Lockport native seeks world kickboxing title in WNY bout

Nov 21, 2015

(Editor's Note: following the release of this story, the scheduled heavyweight bout mentioned in this article was canceled as a result of the champion reportedly not appearing to fight. WBFO was not advised of the cancelation in advance.)  

It's not often that the challenger in a world title fight can arrange to have the bout hosted in his hometown. But Lockport's Amer Abdallah will get to try for the World Kickboxing Association light heavyweight championship in front of a hometown crowd Saturday night.


Abdallah, who now trains in Las Vegas, is ranked by the WKA as the second-best kickboxer in the world. His quest for the title could have ended up in places including Germany and Dubai, which were under consideration. But Abdallah, who runs a kickboxing promotion firm known as Lace Up Promotions, had the means to secure the fight in Lockport's Kenan Center, where his fight will headline a full card on Saturday night, beginning at 7 p.m.

Lockport native Amer Abdallah is hoping to upgrade his World Kickboxing Association intercontinental title and win the WKA's light heavyweight belt on Saturday night at the Kenan Center.
Credit courtesy Lace Up Promotions

"Our promotion company started getting so big and recognized that when it came time to be able to bid for these big fights, we were a big player," Abdallah explained in a telephone interview. "I was able to use my leverage as a promoter. I said this is where we want the fight, we won the bid for the fight and we made it happen right where we want it to happen."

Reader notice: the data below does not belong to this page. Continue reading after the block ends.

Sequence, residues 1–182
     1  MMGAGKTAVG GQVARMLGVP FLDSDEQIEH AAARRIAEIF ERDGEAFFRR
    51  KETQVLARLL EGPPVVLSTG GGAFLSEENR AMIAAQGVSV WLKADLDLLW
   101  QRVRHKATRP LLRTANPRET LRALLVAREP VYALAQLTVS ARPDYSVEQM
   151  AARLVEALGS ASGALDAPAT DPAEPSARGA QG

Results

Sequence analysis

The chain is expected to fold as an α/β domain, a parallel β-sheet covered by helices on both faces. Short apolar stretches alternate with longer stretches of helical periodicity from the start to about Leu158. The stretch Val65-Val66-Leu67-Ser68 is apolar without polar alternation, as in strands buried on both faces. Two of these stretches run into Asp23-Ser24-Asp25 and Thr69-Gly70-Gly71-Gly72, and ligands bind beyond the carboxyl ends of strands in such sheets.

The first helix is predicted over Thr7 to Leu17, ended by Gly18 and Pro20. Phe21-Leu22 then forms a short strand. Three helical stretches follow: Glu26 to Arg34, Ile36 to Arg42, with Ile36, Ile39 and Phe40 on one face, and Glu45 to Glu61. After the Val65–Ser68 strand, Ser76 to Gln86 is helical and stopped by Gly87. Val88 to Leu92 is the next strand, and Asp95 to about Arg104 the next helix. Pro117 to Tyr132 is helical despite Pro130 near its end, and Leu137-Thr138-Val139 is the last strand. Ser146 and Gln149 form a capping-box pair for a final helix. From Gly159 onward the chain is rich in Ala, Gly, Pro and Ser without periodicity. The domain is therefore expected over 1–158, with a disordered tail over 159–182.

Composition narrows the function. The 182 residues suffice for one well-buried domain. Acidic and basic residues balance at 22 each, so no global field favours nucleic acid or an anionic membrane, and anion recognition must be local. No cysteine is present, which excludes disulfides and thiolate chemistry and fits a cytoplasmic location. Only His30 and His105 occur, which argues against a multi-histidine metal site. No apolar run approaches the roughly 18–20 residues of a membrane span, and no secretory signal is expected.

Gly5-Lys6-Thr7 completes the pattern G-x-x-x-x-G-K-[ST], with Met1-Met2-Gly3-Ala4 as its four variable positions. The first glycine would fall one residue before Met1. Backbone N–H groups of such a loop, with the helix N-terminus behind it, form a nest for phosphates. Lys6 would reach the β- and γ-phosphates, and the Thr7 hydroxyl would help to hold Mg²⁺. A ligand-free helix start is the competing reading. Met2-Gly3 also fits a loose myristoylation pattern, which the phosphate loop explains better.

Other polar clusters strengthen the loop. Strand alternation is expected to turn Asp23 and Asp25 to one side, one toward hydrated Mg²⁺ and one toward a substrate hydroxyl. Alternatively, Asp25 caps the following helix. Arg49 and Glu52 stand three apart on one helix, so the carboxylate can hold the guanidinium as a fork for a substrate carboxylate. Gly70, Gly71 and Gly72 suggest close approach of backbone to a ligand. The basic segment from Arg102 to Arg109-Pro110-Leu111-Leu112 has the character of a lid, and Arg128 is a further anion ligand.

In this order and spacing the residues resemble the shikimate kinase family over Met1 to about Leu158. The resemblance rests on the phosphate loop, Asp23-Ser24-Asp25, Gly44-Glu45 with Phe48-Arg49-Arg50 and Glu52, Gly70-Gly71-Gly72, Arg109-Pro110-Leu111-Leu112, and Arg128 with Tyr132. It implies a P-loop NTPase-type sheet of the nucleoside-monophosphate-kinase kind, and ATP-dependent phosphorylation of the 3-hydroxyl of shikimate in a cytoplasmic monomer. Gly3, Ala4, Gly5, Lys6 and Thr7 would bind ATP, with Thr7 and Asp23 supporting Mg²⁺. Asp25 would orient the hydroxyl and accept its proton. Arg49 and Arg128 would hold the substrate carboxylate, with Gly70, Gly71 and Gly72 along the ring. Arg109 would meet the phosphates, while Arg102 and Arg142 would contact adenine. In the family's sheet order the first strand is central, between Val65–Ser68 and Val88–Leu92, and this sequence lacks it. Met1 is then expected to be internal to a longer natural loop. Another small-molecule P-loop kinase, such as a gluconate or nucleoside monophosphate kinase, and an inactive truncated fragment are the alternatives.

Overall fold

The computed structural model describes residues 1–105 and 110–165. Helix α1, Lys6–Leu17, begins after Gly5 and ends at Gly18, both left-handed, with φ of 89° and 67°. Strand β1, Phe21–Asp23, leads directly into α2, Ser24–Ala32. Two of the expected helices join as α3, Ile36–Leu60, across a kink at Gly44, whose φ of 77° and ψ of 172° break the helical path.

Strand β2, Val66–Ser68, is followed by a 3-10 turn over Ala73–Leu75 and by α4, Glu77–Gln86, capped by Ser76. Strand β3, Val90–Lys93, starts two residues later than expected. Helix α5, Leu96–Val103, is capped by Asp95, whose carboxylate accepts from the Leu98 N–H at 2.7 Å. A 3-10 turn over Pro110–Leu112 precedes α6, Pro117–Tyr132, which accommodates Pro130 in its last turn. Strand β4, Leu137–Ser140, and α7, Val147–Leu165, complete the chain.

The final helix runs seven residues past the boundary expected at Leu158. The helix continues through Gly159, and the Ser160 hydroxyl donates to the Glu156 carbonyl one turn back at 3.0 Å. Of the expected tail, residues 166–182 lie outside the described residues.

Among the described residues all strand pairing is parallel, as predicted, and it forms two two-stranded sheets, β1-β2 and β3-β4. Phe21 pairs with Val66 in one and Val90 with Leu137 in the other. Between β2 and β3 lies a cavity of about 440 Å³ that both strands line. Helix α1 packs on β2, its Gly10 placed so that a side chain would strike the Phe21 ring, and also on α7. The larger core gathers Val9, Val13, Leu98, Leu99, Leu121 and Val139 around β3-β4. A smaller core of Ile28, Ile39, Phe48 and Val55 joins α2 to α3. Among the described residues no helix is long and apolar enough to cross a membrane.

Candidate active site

Abdallah will fight in the main event against the current champion, Gareth Richards of South Wales, United Kingdom. The local fighter holds the WKA's Intercontinental title, which he described as a title one rung of the ladder below the world championship.

He told WBFO that Western New Yorkers are dedicated sports fans who will step up to support their local teams or athletes. He's hopeful fans will come forward - even casual ones - and support him just like the local community did for Joe Mesi when the latter was rising in the ranks in traditional pro boxing several years ago. 

Mesi finished his career undefeated but was forced into retirement by a serious injury. Abdallah pointed to "Baby Joe" as the one who paved the way for pro fighters like him. Mesi's nephew, coincidentally, is scheduled to fight on Saturday night's undercard.

Kickboxing is one of the fighting sports from which competitors often move on to mixed martial arts. MMA is banned in New York State but has gained supporters in Albany over the past couple of year. Some think there may finally be enough support to legalize MMA in 2016. 

Supporters say legalized MMA will create a new revenue stream within New York. Abdallah's trainer, Dewey Cooper, looks to the prospect of legalized MMA as a chance for some of Abdallah's clients to go on a career path that will let them compete in their home state.

"It also proves the point on what the ultimate art actually is," Cooper said. "Are the kickboxers dominating the sport? Are the boxers dominating the sport? Are the wrestling or jujitsu guys dominating the sport? I think it just enhances all fight sports."